Boban’s play did win the Clippers a couple games however, a remarkable feat for a man with such little playing time on the season. And even if he hadn’t carried them to multiple victories, he would have become a fan favorite anyhow. Boban’s energy and fun attitude on the team was infectious, and he soon had a little dance crew before games with Tobias Harris and DeAndre Jordan. Fans always got very excited when they saw him at the scorer’s table, as there was a chance to witness some Boban magic. In a short time, Bobi became a beloved member of the Clippers’ roster.
Boban is a fearsome, unstoppable presence in the post on offense. If he catches the ball within 8 feet of the basket, he’s likely going to score, regardless of who is defending him. Boban has an array of post moves, but really, all he needs to do is back down his man a little, and then his incredible length and reach enables him to just flip the ball in. Boban’s game is more diverse than that though. He has a jumpshot that works out to midrange, and his soft touch makes him a very good free throw shooter. Bobi is also a shockingly good passer, capable of making interior dishes to fellow big men, and of playmaking from the top of the key. On defense, he is an impenetrable wall around the basket, and can stifle weak attempts at the rim with the greatest of ease.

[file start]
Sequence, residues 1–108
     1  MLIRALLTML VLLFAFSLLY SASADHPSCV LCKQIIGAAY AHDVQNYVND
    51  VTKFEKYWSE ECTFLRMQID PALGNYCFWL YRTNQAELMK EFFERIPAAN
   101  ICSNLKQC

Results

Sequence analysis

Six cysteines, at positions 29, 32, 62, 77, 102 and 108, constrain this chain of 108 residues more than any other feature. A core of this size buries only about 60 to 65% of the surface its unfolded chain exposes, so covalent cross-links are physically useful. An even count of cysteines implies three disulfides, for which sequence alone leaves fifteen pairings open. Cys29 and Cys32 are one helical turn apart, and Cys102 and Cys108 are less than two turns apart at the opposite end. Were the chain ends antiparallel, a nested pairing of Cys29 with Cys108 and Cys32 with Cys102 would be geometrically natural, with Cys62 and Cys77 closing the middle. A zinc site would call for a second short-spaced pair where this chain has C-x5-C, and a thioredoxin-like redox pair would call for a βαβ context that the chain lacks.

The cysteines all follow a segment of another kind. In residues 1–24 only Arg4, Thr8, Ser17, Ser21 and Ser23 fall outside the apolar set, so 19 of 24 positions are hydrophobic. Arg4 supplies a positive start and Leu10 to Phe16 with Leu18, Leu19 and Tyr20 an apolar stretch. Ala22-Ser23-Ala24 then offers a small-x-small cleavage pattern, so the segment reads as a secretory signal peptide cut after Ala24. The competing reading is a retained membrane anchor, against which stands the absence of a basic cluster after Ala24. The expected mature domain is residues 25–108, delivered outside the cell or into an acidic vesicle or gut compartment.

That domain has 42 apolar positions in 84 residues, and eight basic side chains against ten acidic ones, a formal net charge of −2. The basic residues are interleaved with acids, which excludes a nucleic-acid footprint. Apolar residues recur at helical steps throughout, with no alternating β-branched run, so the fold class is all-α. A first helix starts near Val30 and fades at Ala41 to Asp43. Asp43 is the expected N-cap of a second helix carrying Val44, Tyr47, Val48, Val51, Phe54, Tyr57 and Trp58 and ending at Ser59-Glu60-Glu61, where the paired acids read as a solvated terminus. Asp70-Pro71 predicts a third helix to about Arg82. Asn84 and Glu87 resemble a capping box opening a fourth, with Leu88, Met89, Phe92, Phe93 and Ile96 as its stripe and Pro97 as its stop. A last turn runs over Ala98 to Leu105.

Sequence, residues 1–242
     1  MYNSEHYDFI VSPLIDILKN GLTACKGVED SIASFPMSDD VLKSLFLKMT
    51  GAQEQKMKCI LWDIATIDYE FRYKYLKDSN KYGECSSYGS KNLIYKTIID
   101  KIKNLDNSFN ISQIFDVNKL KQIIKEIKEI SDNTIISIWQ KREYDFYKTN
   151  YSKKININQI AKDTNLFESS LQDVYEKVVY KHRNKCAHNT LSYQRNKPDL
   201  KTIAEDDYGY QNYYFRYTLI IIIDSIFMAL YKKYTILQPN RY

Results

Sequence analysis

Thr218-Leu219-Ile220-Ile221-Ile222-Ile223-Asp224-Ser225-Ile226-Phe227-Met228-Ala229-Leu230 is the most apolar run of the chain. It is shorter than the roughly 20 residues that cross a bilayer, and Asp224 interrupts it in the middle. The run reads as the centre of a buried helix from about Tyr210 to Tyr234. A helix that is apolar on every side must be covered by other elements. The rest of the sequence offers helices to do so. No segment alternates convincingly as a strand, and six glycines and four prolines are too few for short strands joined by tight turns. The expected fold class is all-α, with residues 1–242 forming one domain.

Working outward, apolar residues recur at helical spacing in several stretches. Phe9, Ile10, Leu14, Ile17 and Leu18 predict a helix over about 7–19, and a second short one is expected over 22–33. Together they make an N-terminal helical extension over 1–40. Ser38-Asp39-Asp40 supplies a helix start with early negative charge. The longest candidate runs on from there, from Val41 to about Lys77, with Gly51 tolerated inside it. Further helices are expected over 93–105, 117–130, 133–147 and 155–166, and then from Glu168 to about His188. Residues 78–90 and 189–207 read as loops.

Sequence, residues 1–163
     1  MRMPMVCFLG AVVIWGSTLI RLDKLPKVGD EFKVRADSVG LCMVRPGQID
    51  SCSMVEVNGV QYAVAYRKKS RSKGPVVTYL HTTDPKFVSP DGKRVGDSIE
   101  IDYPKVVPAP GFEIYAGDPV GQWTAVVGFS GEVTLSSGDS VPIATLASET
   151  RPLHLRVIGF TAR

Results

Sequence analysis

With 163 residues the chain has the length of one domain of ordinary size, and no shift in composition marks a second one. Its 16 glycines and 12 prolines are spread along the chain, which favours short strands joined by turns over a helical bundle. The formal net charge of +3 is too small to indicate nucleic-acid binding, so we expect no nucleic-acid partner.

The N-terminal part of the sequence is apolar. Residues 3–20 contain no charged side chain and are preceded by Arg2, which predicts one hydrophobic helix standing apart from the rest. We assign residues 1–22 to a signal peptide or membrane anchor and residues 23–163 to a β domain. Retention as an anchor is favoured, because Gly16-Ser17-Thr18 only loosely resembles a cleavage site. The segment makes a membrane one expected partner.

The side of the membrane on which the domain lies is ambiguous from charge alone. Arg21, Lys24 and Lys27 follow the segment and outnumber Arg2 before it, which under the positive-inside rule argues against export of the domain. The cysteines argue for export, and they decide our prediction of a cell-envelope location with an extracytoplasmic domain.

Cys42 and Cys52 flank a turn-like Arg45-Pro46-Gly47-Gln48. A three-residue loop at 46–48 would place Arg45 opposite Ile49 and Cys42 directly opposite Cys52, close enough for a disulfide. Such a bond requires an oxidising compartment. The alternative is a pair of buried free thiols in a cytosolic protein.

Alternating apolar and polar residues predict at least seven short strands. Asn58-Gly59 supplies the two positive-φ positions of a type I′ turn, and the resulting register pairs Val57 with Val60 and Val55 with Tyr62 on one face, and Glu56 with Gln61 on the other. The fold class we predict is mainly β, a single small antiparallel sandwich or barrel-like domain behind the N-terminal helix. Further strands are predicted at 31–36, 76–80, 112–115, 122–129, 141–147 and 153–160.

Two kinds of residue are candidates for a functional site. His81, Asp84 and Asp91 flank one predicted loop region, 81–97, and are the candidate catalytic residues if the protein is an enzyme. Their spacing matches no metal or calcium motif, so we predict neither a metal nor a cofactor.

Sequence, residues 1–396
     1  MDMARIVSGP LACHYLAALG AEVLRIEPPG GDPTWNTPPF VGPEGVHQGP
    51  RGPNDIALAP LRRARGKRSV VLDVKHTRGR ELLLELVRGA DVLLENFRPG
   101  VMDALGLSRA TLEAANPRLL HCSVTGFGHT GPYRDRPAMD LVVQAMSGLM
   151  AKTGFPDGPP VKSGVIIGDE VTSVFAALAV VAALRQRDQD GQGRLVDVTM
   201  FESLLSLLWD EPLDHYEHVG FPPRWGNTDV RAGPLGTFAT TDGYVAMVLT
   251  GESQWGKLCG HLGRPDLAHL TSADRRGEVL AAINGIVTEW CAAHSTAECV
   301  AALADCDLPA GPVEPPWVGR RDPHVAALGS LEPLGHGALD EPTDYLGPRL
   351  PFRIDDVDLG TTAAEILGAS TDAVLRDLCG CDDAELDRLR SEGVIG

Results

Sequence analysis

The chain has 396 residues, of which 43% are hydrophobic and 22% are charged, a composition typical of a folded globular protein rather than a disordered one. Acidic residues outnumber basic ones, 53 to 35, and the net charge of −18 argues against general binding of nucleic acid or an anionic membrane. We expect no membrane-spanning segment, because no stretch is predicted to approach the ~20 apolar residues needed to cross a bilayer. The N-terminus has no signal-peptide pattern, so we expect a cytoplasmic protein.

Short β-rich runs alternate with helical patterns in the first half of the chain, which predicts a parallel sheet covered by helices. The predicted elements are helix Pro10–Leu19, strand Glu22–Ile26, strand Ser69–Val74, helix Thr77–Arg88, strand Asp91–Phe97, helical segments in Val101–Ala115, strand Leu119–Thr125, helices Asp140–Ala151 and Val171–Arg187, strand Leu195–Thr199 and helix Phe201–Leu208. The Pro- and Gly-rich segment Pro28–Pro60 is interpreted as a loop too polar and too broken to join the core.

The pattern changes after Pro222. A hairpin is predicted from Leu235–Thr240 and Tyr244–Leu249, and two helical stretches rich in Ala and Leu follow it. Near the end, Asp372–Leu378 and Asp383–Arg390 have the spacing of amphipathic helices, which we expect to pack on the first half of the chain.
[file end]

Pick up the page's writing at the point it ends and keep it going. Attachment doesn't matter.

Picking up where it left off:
Perhaps Boban’s biggest strength is that he’s an incredible person and teammate by all accounts. A funny, spirited, kind man who can get along with anyone, Boban is invaluable to the locker room, and no price tag can be put on that.